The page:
Missouri Valley Has Cracked the Code

The RPI is all about scheduling


Oct. 30, 2006

By Phil Kasiecki

Special to CSTV.com



Phil is the Sr. Editor of Hoopville.com, and contributes regular content to CSTV.com. E-mail here!

It seems like every season the Missouri Valley Conference has a historic year, yet also looks like the next season could be even better. After placing four teams in the NCAA Tournament, two of which made the Sweet 16, it may seem hard to believe that it could be better.


Believe it.


Based on returning players - nearly 80 percent of the starters are back from last season's teams - we can expect to see a similar, if not better, showing in 2006-07.


But the conference isn't without its critics, many of whom say that with creative scheduling they have manipulated the RPI formula for their own benefit. The belief is that the conference's teams aren't as good as their ratings suggest. While a case can be made that there is an element of creative scheduling that has been involved, that's no more true for the Missouri Valley than any other conference. The scheduling aspect for these schools involves a look back in history.


In 1989-90, Southern Illinois went 26-8 and lost during the Missouri Valley Tournament, a record that if posted by a Valley team today would probably mean a sure NCAA Tournament bid. But the Salukis had a very high RPI, and no one was surprised when they had to settle for an NIT bid, losing to Wisconsin-Green Bay in the first round. That year, the conference RPI was 21; last year it was 6.  MVC Commissioner Doug Elgin said this gave them all a wake-up call about what has become a much-talked about subject these days.


"We realized at that point that we needed to pay closer attention to scheduling," Elgin reflected.


Even so, the conference didn't take a hard stand on this until about ten years later, when a new policy was implemented. What it essentially did was "fine" a team by withholding their distribution money if they did not meet a certain RPI threshold with their schedule. While there are a few conditions, the long and short is that teams had to start playing opponents with RPIs of 150 or lower on a regular basis. Three schools did not meet it the first year after it was implemented.


At first, there were some bumps in the road. Some teams that were in rebuilding mode wound up over-scheduling, as they loaded up on games with teams from BCS conferences and were crushed on a regular basis. That wasn't quite what Elgin had in mind, and teams had to realize, as Elgin notes, that they could still play plenty of teams outside of those conferences and still be within the top 150 in the RPI. 


The recent BracketBusters event has also added to this awareness, an important point considering the well-documented difficulties teams have had in scheduling teams from BCS conferences in recent years (especially getting home games). Elgin wanted teams that might be young or inexperienced to schedule some teams that they would have a good chance of winning in addition to playing some of the big boys.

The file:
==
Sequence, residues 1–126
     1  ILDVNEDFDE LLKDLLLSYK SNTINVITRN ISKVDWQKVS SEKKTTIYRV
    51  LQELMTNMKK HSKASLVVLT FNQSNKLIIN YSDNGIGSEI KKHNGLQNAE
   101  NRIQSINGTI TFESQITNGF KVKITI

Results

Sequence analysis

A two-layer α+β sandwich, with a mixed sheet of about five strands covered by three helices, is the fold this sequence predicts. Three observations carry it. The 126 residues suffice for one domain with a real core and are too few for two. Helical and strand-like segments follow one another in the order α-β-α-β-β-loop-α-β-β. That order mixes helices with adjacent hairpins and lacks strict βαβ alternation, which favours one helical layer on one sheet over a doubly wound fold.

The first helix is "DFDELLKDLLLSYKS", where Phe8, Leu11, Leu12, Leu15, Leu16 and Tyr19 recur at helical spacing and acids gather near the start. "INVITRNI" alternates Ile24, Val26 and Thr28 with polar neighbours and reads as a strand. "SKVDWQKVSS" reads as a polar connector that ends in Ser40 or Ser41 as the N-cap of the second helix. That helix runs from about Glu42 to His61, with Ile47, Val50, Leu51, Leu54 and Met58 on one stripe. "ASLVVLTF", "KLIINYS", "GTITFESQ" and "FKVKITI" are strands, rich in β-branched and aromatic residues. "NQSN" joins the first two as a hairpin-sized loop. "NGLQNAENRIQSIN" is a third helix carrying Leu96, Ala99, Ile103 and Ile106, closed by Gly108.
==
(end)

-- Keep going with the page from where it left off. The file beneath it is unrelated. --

"It gave all of our people a more discerning eye in how they went about scheduling," Elgin said of the early years under the new policy.


It has clearly paid off, as the conference's steady rise that looks like it began in the mid-1990s has accelerated over the past few seasons. In each of the last eight years, the conference has had at least two teams in the NCAA Tournament. In six of those years, at least four teams have seen postseason play via the NCAA or NIT, capped by six last season as two more teams made the NIT. Last season was the first time six schools won at least 20 games, and it was the fifth time - all coming since 1994-95 - that at least four schools did that.


The 2005-06 season saw Valley teams post an 80-34 non-conference record, its best in recent history and a slight jump from 78-35 the prior season and 60-42 in 2003-04. Included in this has been a steady improvement against teams from the BCS conferences. After going just 2-9 against schools from those conferences in 2002-03, and 3-13 a year later, they went 9-13 in 2004-05 and 12-12 last year, aided by Wichita State and Bradley each reaching the Sweet 16 in the NCAA Tournament. Since 1994, the conference is 13-22 against schools from BCS conferences, playing the role of favorite on only three occasions.


But the MVC appears to have proven itself against the elite in recent years, with last year being the best case.


"I don't think there's any more pressure on our teams to perform," Eglin said.  "We know we can play with teams from power conferences."


Elgin, who has served on the NCAA Tournament Selection Committee, said that he believes in the process they go through and doesn't feel like his conference has been regularly snubbed at all.  He puts a lot of stock in the RPI, although mainly as a relative, not absolute, indicator of strength. He also believes that the talent gap is narrowing as well, which may continue as young players realize that they can be on national television without playing in the Big Ten or Big 12.


It's been said that success starts at the top, and the Valley is a perfect example. Elgin enters his 19th season at the helm, and all four associate commissioners have completed at least 14 seasons with the conference.  They all have experience working together towards the same common goal. 


As the 2006-07 season beckons, plenty of eyes are on it.


"We understand we are being measured," said Elgin. "People are looking at us differently."

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